Parasite or K-Pop? Which face of South Korean Culture do Koreans Prefer to See Represented?
Foreign Correspondent in South Korea, Milana Nikolova, asks Korean students what they think of the rise of Korean culture and what this means for their country.
History was made at this year’s Academy Awards. South Korean director Bong Joon-ho’s film ‘Parasite’ was not only nominated for six Oscars, out of which it won four, but also became the first non-English language production to grab the so-called “big prize” for Best Picture. The film’s success was certainly not limited to awards, as it managed to earn more than $230 million worldwide with only a small budget. Having to read subtitles did not stop English-speaking audiences from taking an interest in the South Korean hit either. It quickly became the fourth highest grossing foreign film of all time in the US and the number one UK box office film on February 24.
While this kind of success might seem impressive even for nations with long-established film industries, many Koreans were not flabbergasted by this recent rise to fame. Bong is far from being the first Korean creator with impressive achievements on the international stage. The South Korean group BTS, which CNN described as ‘the world’s biggest boy band’, have been dominating the music scene for a long time. Their newest album ‘Map of the Soul: 7’ has been the most successful by far, hitting number one in all top five of the world’s music markets. However, the cute aesthetic of BTS and other K-Pop boy and girl group tends to appeal to a specific type of audience, usually made up of younger people. In contrast, the principle conversation that ‘Parasite’ aimed to start was about social inequality – a topic that has also attracted a more mature audience. So, which one of these polarised images of Korean pop culture do South Koreans prefer to see thriving abroad?
So, which one of these polarised images of Korean pop culture do South Koreans prefer to see thriving abroad?
Hagyong, a Visual Studies student at Yonsei University in Seoul tells me: “I don’t like K-Pop or K-dramas. They are all too mainstream and predictable. When it comes to movies, I prefer to watch the foreign ones. I don’t agree with some aspects of director Bong’s plots, mostly to do with his treatment of female characters, but I still did enjoy ‘Parasite’. I think it has introduced the world to a new face of South Korea and hope that South Korean cinema will be taken more seriously in the future.”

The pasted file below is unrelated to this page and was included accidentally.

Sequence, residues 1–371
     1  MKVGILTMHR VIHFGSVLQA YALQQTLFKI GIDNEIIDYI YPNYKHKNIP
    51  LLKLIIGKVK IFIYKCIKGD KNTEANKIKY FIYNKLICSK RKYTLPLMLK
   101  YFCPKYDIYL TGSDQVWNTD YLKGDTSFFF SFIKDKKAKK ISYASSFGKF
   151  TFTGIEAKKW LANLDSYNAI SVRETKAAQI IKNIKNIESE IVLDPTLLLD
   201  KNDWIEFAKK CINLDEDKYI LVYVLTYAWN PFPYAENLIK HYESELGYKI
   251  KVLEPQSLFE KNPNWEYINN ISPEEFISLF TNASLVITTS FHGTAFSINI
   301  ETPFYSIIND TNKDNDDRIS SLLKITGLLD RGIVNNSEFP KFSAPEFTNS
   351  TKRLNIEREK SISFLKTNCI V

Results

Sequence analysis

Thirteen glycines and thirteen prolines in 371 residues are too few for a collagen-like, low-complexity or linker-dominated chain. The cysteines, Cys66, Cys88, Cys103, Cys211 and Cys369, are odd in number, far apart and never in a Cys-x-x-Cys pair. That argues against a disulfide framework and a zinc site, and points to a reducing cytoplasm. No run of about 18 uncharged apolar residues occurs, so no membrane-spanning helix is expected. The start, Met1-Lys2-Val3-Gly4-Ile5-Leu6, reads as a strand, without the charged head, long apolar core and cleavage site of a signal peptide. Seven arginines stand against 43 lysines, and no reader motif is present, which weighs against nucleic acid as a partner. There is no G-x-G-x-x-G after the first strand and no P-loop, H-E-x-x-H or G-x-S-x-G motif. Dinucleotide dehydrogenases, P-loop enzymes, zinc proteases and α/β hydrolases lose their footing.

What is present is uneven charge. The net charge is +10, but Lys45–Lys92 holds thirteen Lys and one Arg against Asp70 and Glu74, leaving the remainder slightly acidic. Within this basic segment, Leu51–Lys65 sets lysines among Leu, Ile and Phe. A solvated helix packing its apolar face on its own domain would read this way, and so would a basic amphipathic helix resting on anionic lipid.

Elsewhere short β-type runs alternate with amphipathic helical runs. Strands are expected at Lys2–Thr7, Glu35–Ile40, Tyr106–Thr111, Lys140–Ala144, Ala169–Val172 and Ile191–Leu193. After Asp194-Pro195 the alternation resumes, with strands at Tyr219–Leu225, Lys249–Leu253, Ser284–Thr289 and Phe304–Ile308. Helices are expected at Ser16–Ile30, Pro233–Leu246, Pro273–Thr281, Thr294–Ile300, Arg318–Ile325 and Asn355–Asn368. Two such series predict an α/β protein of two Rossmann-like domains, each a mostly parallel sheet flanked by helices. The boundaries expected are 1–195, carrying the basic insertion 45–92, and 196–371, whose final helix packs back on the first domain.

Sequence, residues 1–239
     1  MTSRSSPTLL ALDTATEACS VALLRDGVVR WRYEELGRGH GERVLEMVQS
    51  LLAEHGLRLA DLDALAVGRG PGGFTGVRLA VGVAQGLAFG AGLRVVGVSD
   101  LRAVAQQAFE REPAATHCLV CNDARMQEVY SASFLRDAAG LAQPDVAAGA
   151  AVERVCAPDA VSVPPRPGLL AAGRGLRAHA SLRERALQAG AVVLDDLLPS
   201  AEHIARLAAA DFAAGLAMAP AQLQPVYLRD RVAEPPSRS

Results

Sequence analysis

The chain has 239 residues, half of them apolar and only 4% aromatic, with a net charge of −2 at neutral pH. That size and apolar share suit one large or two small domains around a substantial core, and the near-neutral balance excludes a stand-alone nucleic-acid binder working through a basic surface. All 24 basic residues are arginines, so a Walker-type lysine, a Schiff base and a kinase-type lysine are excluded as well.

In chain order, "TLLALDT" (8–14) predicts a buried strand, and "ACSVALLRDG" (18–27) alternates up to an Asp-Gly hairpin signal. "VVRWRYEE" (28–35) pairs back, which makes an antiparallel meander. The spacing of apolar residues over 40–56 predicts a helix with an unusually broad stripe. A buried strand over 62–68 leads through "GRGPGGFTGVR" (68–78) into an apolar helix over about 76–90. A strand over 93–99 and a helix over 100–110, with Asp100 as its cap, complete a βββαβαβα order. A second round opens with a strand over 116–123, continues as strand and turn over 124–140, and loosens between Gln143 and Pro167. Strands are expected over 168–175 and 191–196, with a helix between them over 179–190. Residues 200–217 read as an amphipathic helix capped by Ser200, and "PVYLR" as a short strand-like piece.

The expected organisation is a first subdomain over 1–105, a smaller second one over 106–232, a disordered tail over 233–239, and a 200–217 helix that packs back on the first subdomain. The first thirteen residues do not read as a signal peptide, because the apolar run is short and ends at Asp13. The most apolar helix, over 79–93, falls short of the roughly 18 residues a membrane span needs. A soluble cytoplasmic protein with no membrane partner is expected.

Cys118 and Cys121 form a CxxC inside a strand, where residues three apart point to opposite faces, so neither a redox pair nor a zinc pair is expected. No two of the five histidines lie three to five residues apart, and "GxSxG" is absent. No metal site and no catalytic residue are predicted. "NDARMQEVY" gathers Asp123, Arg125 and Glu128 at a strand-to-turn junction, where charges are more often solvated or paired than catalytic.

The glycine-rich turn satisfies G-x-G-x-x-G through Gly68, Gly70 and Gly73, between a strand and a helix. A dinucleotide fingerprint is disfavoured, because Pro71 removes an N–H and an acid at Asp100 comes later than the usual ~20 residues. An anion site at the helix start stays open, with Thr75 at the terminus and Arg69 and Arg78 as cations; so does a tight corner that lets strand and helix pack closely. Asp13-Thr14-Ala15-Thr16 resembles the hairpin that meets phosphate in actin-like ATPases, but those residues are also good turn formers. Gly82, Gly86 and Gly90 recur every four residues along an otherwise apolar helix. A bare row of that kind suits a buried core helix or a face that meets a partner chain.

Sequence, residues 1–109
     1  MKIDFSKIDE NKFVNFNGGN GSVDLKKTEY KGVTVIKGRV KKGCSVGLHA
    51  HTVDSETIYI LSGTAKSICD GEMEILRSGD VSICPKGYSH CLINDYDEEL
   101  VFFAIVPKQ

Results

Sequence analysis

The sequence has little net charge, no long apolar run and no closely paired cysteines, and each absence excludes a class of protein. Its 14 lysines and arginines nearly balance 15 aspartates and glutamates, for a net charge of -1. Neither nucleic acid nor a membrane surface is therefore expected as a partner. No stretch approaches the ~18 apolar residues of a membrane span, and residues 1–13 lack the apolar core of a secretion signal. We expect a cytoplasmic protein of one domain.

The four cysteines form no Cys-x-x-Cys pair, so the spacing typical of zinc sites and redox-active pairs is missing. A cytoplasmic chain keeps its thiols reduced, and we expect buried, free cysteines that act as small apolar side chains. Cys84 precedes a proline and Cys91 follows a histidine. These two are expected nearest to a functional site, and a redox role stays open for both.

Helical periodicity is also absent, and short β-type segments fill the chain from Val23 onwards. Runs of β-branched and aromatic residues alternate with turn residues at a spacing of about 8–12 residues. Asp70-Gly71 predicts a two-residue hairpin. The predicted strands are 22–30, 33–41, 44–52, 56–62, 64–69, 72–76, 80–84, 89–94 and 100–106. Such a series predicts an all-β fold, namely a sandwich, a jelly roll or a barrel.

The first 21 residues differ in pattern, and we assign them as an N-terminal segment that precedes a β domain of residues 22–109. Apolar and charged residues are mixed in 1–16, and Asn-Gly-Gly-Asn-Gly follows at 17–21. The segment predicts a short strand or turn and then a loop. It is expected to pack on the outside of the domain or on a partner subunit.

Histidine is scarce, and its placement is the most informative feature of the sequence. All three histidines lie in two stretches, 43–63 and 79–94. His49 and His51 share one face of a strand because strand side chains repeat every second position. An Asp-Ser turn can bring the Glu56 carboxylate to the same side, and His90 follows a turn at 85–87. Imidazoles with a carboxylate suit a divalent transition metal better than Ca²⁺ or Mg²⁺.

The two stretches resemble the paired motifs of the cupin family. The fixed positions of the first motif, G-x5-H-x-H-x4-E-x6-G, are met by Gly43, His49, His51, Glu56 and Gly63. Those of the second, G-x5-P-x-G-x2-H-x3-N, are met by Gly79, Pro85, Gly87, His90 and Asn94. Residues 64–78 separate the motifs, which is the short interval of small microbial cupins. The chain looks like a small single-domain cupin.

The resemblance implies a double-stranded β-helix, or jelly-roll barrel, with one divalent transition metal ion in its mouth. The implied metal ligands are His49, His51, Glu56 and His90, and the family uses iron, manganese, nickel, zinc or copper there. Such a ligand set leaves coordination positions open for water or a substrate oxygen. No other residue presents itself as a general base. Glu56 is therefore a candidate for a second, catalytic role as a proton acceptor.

Yerim, a student at EWHA University, also in Seoul, had a similar perspective: “Personally, I think other countries, that don’t really know about Korean culture, might have a stereotype of our culture coming from K-Pop or K-dramas. Some people might think we have only K-Pop and k-dramas, but that’s not really true, you know? So, because of that reason, I think (the) movie ‘Parasite’ is a good chance to show a different side of our culture! I just want other countries to know about various side(s) of our culture”
Others disagreed with such a notion. They did not seem to think that the attention brought to South Korea by K-Pop and K-dramas is less valuable than that generated by ‘Parasite’. Boram, who is also a student at EWHA University, argues: “We love K-Pop stars and all their fans. Korea only wins from them. In general, we (South Koreans) enjoy K-dramas more than art movies. That’s why the art movie cinema is so small here in Korea, but movies by Marvel or any Hollywood movies are always welcomed. If it’s like this in Korea, why would it be different in other countries?”
As Korean music and cinema continue to gain international recognition, the image of South Korea will also continue to grow and become more complex.
Seunghoon, another student at Yonsei University, has even proposed that the success of ‘Parasite’ would have been impossible without K-Pop: “I think one of the main reasons (for the positive reception of ‘Parasite’) is BTS. As they became super popular all over the world, other Korean culture has gained attention. Also, if you consider the economic benefits of K-Pop on the (media) industry, it becomes clear why Korean movies have been becoming better and better.”
No matter where people stand on this question, it is clear that a large number of various types of Korean pop culture have been increasing in popularity in almost every corner of the world. As Korean music and cinema continue to gain international recognition, the image of South Korea will also continue to grow and become more complex. It is for this reason that consuming foreign and non-English language media is important to increasing our understanding of the world – even when a boy band is in question.